Blu-ray is the optical media successor to DVD. As a medium, it is designed to hold more storage. For multimedia, it is intended to store higher quality content than DVDs, such as movies and shows in 720p, 1080p video resolution and higher, plus audio tracks with higher bitrates and number of channels, such as DTS-HD Master.
Similar to DVDs, the file storage format for blu-ray discs is UDF. The content on the discs is also protected with DRM, namely AACS (Advanced Access Content System).
There are a number of applications in portage that can be used to access Blu-ray discs and media, including ones to bypass the encryption.
Each user must be added to the cdrom group to access a hardware Blu-ray disc drive.
To check if a user has been already in the cdrom group:
To add a user to the cdrom group:
gpasswd -a user cdrom
As with any time a user is added to a new group, they must either log out and back in as that user, or switch using su to gain new group abilities.
su - user
media-libs/libbluray will use media-libs/libaacs to bypass AACS encryption if compiled with the
aacs use flag. It requires a KEYDB.cfg text file that has the keys necessary for decryption. List can be found in various places online.
The key file should be saved to the case sensitive filename at ~/.config/aacs/KEYDB.cfg
Blu-ray discs have both "tracks", similar to DVD tracks, but also "playlists" as well. This can make it a bit confusing when trying to get information or rip media from a disc. Generally speaking, ripping a playlist will cover a common use case.
media-libs/libbluray needs to be compiled with the
javaUSE flag to enable Blu-ray menus.
The package media-libs/libbluray contains a few programs to help display disk information.
Use bd_info to list details of a disc:
Using libbluray version 1.0.2 Volume Identifier : GENTOO_ROCKS BluRay detected : yes First Play supported: yes Top menu supported : yes HDMV titles : 4 BD-J titles : 5 UNSUPPORTED titles : 5 BD-J detected : yes Java VM found : no BD-J handled : no BD-J organization ID: 7fff8123 BD-J disc ID : b484515373b51940820b165b97212b5a AACS detected : yes libaacs detected : yes Disc ID : 1460B1469A66481964B3023486A1945806653567 AACS MKB version : 7 AACS handled : yes BD+ detected : no Application info: initial mode preference : 2D 3D content exists : No video format : ignored (0x0) frame rate : ignored (0x0) provider data : ' ZNURT' No disc library metadata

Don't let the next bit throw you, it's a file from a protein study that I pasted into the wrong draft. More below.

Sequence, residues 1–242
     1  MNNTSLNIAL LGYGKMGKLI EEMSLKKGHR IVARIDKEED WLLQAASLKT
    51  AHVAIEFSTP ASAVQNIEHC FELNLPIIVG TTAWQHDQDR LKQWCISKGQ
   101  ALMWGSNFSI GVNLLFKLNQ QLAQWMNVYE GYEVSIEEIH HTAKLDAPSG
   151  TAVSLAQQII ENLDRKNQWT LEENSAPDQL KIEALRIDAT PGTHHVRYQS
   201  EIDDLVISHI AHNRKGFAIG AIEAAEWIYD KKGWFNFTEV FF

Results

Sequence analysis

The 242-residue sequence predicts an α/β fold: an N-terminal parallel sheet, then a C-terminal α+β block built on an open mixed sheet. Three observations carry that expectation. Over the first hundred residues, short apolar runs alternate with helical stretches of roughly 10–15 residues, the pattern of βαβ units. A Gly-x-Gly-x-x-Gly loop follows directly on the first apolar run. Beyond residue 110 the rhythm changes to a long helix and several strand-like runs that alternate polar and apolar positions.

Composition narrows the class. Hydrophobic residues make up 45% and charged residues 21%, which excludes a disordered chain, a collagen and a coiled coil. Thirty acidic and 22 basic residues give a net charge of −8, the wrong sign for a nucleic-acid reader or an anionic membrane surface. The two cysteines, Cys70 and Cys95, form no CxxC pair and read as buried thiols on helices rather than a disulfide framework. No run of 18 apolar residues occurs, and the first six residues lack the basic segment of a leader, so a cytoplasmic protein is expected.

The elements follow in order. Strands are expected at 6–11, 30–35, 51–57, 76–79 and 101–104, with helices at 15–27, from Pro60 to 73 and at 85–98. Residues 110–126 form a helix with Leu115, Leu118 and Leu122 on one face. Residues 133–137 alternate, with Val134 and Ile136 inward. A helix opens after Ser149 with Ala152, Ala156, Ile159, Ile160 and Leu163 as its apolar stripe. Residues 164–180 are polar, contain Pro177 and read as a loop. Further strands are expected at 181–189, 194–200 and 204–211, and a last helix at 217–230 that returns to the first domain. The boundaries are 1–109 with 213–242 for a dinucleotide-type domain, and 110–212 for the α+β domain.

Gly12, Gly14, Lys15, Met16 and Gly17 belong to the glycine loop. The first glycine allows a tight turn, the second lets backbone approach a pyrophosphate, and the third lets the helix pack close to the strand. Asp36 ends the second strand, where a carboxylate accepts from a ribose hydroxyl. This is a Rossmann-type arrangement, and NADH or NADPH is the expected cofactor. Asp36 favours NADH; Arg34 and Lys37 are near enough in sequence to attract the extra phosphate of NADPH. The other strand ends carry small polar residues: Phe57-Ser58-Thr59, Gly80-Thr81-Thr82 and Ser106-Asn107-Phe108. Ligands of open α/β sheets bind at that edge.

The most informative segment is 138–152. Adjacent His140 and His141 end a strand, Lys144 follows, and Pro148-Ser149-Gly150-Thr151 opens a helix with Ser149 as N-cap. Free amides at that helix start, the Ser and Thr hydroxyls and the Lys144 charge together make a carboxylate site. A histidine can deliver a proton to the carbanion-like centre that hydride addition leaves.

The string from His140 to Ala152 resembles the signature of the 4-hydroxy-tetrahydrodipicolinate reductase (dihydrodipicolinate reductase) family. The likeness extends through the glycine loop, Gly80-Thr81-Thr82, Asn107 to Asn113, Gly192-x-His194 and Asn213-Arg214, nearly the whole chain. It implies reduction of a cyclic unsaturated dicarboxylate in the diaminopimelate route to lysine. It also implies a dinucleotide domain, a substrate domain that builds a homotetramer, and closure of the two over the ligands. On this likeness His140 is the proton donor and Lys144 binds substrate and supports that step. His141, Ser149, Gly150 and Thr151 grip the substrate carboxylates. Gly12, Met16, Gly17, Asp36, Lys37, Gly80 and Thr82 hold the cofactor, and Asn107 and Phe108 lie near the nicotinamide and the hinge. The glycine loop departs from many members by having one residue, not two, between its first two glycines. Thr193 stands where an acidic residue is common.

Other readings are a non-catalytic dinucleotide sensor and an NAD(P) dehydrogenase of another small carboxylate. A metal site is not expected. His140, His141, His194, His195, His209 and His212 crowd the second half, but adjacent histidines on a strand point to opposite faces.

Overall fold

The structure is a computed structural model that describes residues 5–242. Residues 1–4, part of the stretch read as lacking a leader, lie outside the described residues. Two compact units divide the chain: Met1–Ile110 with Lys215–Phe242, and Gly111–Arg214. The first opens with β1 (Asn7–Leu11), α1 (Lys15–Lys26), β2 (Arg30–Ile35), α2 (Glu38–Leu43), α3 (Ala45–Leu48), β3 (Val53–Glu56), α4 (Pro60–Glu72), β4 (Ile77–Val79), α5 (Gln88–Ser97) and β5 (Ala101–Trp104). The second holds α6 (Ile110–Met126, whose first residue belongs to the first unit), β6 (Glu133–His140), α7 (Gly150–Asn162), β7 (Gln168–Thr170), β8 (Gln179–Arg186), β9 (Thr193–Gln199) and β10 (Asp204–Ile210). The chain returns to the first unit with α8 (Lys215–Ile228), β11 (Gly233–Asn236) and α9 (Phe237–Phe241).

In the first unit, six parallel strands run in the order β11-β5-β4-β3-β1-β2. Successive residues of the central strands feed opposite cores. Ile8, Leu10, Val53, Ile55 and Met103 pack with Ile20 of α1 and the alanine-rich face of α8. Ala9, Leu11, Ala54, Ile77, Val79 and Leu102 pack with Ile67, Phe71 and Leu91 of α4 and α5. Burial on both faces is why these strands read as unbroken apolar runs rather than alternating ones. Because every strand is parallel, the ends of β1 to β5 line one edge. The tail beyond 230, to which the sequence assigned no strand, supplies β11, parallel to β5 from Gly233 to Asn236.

Use bd_list_titles to get details of each title / track as well as the playlists:
Main title: 6 index: 1 duration: 00:01:57 chapters: 2 angles: 1 clips: 1 (playlist: 00000.mpls) V:1 A:1 PG:6 IG:0 SV:0 SA:0 index: 2 duration: 00:01:06 chapters: 2 angles: 1 clips: 1 (playlist: 00001.mpls) V:1 A:1 PG:6 IG:0 SV:0 SA:0 index: 3 duration: 00:02:29 chapters: 2 angles: 1 clips: 1 (playlist: 00002.mpls) V:1 A:1 PG:6 IG:0 SV:0 SA:0 index: 4 duration: 00:01:13 chapters: 2 angles: 1 clips: 1 (playlist: 00003.mpls) V:1 A:1 PG:1 IG:0 SV:0 SA:0 index: 5 duration: 00:05:12 chapters: 2 angles: 1 clips: 1 (playlist: 00004.mpls) V:1 A:1 PG:6 IG:0 SV:0 SA:0 index: 6 duration: 00:14:16 chapters: 2 angles: 1 clips: 1 (playlist: 00005.mpls) V:1 A:1 PG:6 IG:0 SV:0 SA:0 index: 7 duration: 00:00:23 chapters: 2 angles: 1 clips: 1 (playlist: 00009.mpls) V:1 A:0 PG:0 IG:0 SV:0 SA:0 index: 8 duration: 00:00:11 chapters: 2 angles: 1 clips: 1 (playlist: 00010.mpls) V:1 A:1 PG:0 IG:0 SV:0 SA:0 index: 9 duration: 00:00:11 chapters: 2 angles: 1 clips: 1 (playlist: 00014.mpls) V:1 A:0 PG:0 IG:0 SV:0 SA:0